minds of candidates rather than salespeople looking to make a
Inexperienced recruiters often charge ahead
too quickly and aggressively. The result may be that the
candidates they source are too often job-hoppers or desperate to
make a move. This
may not always be bad but it is clear that the best candidates
are stable and successful in their current roles.
All hiring managers and recruiters need to remember that job
changes are life changes to most people. Take time to listen and
this e-book to learn all you need to know to
get the best people on your bus and drive it to greatness.
A global manager's failsafe
guide to dominating any industry
by employing its dominant
New sections are being added so
check back regularly.
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& Management Consulting:
Associates provides its Executive Search and Recruiting services throughout the emerging countries of the Asia Pacific
region with specific focus on Philippines, Singapore, Malaysia, Indonesia, Vietnam, Cambodia, Laos. We are
proactive and well known in our sectors of focus. Regional
Managers use us to help bridge the gap between local environments and
the world-class requirements of multinational corporations.
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CEO Forum presented by PLDT ALPHA Enterprise is the largest
regular business event in Philippines and considered one of the most
important in the Southeast Asia region. The forum serves as a hub
for the spreading of ideas that help executive managers overseeing
enterprises across the Asia Pacific region.
Attendees are both expatriate and Asian management personnel
overseeing multinational and regional organizations. Held in
Philippines, presenters are leaders in their industries and engaged
in momentous pursuits of significance to the entire region.
CEO Forum is operated as a CSR (Corporate Social Responsibility)
activity of Chalre Associates, one of Southeast Asia's most
prominent senior management executive search firms, to promote
Philippines as a premier business destination in the Asia region.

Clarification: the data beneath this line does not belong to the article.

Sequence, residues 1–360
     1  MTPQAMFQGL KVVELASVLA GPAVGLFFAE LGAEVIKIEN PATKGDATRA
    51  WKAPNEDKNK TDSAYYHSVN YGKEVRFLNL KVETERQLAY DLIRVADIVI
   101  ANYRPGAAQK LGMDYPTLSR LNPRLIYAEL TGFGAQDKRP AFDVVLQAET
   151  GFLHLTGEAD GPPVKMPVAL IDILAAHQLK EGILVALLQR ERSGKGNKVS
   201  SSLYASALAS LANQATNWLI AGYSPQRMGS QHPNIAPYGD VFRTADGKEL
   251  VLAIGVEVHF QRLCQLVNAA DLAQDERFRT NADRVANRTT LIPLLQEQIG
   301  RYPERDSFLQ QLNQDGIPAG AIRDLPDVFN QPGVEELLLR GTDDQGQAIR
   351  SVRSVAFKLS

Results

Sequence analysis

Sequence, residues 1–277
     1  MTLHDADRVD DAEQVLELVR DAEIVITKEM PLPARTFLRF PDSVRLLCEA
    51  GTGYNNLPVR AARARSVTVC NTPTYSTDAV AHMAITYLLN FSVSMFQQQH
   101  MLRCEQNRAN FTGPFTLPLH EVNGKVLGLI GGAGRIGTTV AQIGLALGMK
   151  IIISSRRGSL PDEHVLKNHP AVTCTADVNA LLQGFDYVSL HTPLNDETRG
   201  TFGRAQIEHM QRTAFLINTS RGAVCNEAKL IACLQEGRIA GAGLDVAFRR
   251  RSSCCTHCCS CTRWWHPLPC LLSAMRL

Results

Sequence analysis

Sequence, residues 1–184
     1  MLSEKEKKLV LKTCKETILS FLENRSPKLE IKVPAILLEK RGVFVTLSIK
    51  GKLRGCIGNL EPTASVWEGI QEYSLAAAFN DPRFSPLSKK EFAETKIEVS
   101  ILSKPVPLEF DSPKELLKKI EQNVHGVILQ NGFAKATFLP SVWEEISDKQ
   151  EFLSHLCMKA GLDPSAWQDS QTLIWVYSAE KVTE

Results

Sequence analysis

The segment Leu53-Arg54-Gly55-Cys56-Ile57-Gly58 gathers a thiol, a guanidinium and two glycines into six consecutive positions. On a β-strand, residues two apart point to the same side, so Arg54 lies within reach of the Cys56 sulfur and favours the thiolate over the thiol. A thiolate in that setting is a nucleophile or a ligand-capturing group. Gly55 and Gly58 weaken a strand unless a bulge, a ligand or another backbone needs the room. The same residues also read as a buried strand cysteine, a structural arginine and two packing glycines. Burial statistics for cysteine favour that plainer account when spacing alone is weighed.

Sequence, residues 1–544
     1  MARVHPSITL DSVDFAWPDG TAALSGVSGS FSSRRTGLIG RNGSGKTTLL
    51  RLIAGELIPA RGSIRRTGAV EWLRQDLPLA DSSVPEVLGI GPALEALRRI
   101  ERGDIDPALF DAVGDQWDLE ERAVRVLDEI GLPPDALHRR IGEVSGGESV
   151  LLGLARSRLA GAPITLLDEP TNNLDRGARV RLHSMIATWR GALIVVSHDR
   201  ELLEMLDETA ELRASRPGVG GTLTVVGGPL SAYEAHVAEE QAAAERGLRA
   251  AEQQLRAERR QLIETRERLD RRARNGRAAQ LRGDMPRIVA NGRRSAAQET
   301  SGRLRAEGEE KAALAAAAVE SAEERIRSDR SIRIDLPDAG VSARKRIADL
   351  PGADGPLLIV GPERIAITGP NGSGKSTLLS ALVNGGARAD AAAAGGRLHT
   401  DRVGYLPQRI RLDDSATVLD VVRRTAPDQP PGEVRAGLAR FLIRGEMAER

Here to go to Asia
CEO Forum now!
CEO Awards presented by Aseana City represents the grandest
alliance of local and international business people ever created to
promote Philippines on the world stage. As one of the largest events
of its kind in the Asia Pacific region, it is considered a
must-attend occasion for business leaders active in Southeast Asia.
The star-studded Board of Judges of Asia CEO Awards give away
10 awards to many of the most accomplished leadership teams and
individuals currently operating in Philippines and the region. The
awards recognize extraordinary leaders who have demonstrated
outstanding achievement for their organizations and contributions to
As one of the fastest growing nations on the planet, the world's
business leaders have their eyes on Philippines like never before.
The annual gala was established as a natural outgrowth of Asia
CEO Forum, the largest regular networking event for the business
community in Philippines.
to go to Asia
CEO Awards now!
throughout the world call upon the Principals of Chalre Associates for thought leadership.
Below are some examples of published material written by our
consultants or international journalists who refer to them. For a complete list of published work,
Getting Ready For The
Deluge: Outsourcing in Philippines
Chalre Associates senior staff
Economist Intelligence Unit of the Economist magazine
asked Chalre Associates' Chairman, Richard Mills,
to write a chapter about the Philippine outsourcing sector
in its annual Business Guide Book. The material
provides a Executive Briefing on the progress and major
issues facing this industry that is certainly one of most
significant growth stories in the world.
Asia Pacific Mining
Conference 2007 - Report
Chalre Associates senior staff
The 7th Asia Pacific Mining Conference put on by the Asean
Federation of Mining Associations was perhaps the largest
such event in the region. Richard Mills, Chairman of Chalre Associates
gave this report on what was said by the prominent mining
people who presented.
State of BPO in Philippines: Dan Reyes Speaks
Chalre Associates senior staff
Mills, Chairman of Chalre Associates,
interviewed Dan Reyes of Sitel for ComputerWorld (US) recently to get
his views on the state of the BPO industry in Philippines. Dan
presented US readers with compelling information to support his view
that Philippines is currently seen as the "Number 1" option by global
companies sending BPO work to offshore destinations.
Dan Reyes is easily one of most experienced Business Process
Outsourcing (BPO) managers in the Asia Pacific region and the world. He
is head of the extremely successful Philippine operations of Sitel, the
world's largest call center organization. Among other things, he is a
founder and former president of the Business Processing Association of
the Philippines. more